QRP on My Windowsill
By Jim Cluett
I’ve been wondering just how simple, just how inexpensive a station
could really be, so this month I decided to find out. I threw a wire
out the window, set up a miniature xtal-controlled station on the
windowsill and started making contacts. With just a QSO or two a day,
in barely two weeks I had worked 15 states and three countries on 40
meters with just two watts.
The experiment really started last fall with the desire to have a
simple emergency antenna… just in case I lost my Windom in a storm. So
I ran a 66 foot wire out an East facing window over to an oak tree. The
wire runs only 20 feet above the ground… it’s pretty humble. From time
to time I’d set up a little station on the windowsill to try the whole
thing out. I made contacts on 80, 40, 30 and 20. I couldn’t just leave
a perfectly good antenna sitting there unused, so I dedicated a little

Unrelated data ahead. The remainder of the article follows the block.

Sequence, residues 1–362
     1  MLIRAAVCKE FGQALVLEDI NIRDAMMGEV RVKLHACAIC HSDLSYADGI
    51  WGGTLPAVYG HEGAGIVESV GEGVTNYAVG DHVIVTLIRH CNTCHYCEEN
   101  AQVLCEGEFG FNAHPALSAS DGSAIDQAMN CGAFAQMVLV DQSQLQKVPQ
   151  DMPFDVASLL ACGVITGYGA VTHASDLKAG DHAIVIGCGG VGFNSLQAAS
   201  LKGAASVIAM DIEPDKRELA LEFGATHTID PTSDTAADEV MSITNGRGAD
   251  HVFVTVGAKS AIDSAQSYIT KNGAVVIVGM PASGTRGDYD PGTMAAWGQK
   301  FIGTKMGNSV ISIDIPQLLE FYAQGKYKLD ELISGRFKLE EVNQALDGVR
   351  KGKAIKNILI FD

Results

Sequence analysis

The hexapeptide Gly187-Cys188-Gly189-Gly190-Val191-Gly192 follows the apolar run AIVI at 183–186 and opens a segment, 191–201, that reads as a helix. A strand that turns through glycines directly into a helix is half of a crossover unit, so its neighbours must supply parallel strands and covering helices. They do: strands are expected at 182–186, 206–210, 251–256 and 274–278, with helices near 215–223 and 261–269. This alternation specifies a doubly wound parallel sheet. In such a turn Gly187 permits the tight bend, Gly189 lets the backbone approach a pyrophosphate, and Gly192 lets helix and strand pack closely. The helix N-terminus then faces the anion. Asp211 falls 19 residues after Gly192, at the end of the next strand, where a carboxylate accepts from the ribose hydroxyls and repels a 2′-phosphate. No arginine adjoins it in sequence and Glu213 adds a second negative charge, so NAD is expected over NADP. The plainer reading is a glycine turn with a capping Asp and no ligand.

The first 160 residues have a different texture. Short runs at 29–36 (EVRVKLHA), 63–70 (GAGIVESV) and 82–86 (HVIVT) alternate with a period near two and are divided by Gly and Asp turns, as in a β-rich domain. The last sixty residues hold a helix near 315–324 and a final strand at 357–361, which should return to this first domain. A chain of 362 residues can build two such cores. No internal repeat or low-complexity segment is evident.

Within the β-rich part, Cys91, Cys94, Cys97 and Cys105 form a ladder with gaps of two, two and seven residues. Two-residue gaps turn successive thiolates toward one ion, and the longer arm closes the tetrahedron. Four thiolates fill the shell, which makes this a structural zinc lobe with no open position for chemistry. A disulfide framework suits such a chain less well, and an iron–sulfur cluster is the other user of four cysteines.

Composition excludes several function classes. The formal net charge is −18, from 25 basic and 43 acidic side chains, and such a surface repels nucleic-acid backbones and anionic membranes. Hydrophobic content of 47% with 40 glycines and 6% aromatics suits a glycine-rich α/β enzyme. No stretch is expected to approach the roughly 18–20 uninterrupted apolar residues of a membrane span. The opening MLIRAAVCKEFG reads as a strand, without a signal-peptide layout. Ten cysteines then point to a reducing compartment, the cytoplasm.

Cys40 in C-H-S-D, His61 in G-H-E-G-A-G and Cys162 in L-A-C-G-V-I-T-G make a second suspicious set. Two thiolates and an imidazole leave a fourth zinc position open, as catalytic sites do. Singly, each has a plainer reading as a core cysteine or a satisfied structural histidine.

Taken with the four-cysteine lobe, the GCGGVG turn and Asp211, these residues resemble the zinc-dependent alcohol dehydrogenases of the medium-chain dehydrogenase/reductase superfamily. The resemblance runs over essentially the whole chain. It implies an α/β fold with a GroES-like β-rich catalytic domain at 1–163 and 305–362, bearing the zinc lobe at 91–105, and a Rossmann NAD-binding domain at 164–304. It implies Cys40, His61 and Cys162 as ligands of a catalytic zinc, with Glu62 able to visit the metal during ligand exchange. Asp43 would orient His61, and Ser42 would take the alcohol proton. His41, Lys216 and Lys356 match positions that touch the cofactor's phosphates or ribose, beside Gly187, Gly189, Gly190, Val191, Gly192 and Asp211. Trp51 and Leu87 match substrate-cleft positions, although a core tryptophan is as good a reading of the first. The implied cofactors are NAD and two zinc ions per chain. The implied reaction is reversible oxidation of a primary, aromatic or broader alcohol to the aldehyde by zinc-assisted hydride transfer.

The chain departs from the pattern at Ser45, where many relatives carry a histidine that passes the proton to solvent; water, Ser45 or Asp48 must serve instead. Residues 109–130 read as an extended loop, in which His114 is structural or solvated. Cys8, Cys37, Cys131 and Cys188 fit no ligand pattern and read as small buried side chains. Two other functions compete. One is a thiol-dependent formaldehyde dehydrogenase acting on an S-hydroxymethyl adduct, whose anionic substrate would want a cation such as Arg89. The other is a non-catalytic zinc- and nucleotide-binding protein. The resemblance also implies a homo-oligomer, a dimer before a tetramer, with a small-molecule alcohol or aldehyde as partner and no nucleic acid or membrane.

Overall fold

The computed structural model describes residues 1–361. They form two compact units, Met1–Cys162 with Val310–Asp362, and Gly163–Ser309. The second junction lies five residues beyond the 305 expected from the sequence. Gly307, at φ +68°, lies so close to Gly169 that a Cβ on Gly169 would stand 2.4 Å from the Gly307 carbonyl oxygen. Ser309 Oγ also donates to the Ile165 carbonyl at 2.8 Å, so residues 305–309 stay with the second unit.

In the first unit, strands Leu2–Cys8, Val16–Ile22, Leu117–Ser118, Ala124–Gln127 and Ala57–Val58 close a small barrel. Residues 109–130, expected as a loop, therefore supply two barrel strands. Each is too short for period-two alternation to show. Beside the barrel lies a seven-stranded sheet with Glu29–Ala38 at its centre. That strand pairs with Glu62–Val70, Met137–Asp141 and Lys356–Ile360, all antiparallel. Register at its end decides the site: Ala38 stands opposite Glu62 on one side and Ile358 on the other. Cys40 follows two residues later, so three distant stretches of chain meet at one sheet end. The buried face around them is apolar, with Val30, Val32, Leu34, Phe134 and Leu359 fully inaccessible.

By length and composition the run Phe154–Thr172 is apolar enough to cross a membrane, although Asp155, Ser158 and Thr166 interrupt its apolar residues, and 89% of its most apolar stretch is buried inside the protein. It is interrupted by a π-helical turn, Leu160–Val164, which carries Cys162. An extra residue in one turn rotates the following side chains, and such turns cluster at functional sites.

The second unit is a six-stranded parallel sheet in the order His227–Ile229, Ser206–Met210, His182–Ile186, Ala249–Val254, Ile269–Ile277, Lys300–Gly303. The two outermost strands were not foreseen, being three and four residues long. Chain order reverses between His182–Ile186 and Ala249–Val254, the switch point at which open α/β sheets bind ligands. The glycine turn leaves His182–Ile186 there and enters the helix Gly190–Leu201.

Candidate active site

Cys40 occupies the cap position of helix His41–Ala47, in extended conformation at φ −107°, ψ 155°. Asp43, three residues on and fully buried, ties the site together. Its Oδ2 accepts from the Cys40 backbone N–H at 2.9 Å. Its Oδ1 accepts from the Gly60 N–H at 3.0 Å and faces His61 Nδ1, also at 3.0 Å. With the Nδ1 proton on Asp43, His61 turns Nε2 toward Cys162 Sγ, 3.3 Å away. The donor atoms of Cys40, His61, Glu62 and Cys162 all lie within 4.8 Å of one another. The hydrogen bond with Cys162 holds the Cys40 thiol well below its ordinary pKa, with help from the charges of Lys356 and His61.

station to it and started my experiments.
Two watts on the windowsill
I chose the smallest, least expensive gear I had. I ended up with a
little 40 meter xtal-controlled transceiver with a VXO that gives me
about 5 Khz band spread. The rig is a kit from Wilderness Radio called
the SST and it fits in your shirt pocket. You can build the kit in
about four hours. You can see it at
I really could have made the setup simpler if I’d used a resonant
dipole without a tuner. Because the antenna is just a wire, I needed
the tuner. So I chose the BLT from the Norcal QRP Club. This tuner is
about the same size as the SST and it also fits in your pocket. See http://www.norcalqrp.org/norcal_blt.htm
The back of the tuner has two binder posts for antenna wires. One side
goes out the window to the antenna; the other side is grounded to a
radiator under the window.
During my 2-week experiment I made a total of 22 QSOs. I’d stop by to
listen in the morning for a few minutes before heading off to work and
sometimes again in the evening. I worked as far West as Colorado (W0RW
using the Paraset Spy Radio). For some reason I was hitting
Alabama frequently in the morning. (WB8WOJ Dale was camping in his RV.)
But I also worked the Bahamas, Cuba and Canada.
The experiment further illustrates for me just how much fun you can
have with ham radio with a very small investment in time, money, space
for a shack, and a minimum antenna. Even though it’s not fancy, not
complicated, doesn’t cover all bands (or even much of one band), you
can still make great contacts and enjoy the thrill of wireless contacts
around the world.